What causes pop-up adverts & notifications when on the internet?

That’s an easy one to answer: YOU.

Yes, you have ALLOWED particular websites to show you offers and notifications.

At some point when you first looked at a particular website, you clicked on the ALLOW option (see picture) which told the website or advertiser you were happy to receive these pop-ups.

This is not related to Cookies, which is something different, which will appear in a different location, and you do want to ALLOW Cookies. Yes, I know, it’s very confusing.

And there you have it! It’s all CONFUSING. This is what the marketeers are utilising now, that uncertainty we all have about what is good and what is bad.

Suffice to say, if you see a box like the one in the picture, click on BLOCK. Just BLOCK.

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Which Internet Browser to use?

Internet Explorer:

This is due to be retired by Microsoft next summer. However, it is very much a dead duck already, with many websites not accessible while using it. Time to stop using it.

Microsoft Edge:

The replacement for Internet Explorer. Works well, but the home page puts people off, as who wants all those images? Plus, it uses Microsoft Bing as the search engine, while many people prefer Google search. Quite like the “Collections” feature in this. If you can get the home page changed to Google, it’s worth giving it a go.

Google Chrome:

A favourite with so many for so long. It works. It has Google Search. Need I say more?

Mozilla Firefox:

For the adventurous. It’s always been a poor relation to the other browsers, but if you can get your head around it, then it is actually has some clever features, provided you sign up to be part of their family!

AVG Secure Browser:

No, no, no. Stop using it. You do not want your activity monitored and influenced by a company in the Czech Republic.

Safari:

You are on a Mac user and, in their world, Safari is king.

Which one do I use?

I switch between Google Chrome and Edge, mostly as these are the two most popular with my customers and I need to know each of them. By choice I would probably use Edge, with the home page set to Google. I do occasionally use Firefox, just to see how it behaves on certain web pages.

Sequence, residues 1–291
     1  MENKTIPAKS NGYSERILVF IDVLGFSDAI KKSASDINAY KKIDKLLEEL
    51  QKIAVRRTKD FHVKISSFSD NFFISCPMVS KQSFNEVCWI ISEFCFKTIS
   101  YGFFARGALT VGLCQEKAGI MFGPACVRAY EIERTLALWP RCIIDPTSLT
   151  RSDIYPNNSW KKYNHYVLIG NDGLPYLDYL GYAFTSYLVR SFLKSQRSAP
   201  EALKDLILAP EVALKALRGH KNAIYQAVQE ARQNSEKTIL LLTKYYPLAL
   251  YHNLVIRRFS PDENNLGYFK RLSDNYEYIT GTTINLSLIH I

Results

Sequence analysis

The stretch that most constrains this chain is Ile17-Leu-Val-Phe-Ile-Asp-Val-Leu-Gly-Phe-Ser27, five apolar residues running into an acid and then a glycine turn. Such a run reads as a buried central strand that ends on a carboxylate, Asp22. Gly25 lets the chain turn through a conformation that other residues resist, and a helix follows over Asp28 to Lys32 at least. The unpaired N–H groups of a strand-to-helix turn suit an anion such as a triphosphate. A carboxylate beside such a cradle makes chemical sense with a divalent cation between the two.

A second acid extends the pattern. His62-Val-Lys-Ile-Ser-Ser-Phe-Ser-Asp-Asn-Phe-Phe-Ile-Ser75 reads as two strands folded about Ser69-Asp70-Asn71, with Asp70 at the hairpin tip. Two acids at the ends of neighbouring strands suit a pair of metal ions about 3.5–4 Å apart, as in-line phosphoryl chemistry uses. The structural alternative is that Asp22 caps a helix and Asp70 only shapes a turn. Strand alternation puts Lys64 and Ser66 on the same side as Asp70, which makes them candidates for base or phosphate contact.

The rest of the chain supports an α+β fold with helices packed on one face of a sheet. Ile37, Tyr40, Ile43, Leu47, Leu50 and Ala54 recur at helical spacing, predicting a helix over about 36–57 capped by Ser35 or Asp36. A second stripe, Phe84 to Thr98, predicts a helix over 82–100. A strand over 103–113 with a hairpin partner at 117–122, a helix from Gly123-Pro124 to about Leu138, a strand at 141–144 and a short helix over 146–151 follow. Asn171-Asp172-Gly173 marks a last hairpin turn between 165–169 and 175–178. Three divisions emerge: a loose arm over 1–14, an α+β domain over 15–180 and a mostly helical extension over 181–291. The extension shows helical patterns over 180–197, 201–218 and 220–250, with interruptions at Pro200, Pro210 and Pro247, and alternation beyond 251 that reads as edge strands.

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Windows 11 – What you need to know

Windows 11

Microsoft made a big thing about Windows 10 being their last version of Windows. The truth is the Windows 10 we use now looks markedly different to what was first released in 2015. Nevertheless, it is confusing that they have announced the launch of Windows 11 and an end of support for Windows 10 in October 2025. What does it mean for us, the end user?

Windows 11 will launch later this year, on a yet to be specified date. There will be the option to upgrade Windows 10 to Windows 11 next year, BUT this will be based on the specification of the laptop or computer, which will allow only new equipment bought since 2019 to be upgraded (as a rough rule of thumb).

Windows 11 will look different to Windows 10, but still holds true to what we’ve seen before, with a Taskbar and Desktop icons. The ‘feel’ will be different, to set it apart from previous Windows versions, but the functionality should be pretty much the same.

A word of warning would be not to expect older pieces of equipment to work with Windows 11. Microsoft will not want to have to support too old a back catalogue of drivers, while the manufactures of things like printers and scanners will see it as an opportunity to have people buy new equipment.

To upgrade or not to upgrade will be the question. For many there will be no choice but to carry on with Windows 10. For others it will probably be a matter of timing in order that they get the full life expectancy out of their laptop or computer.

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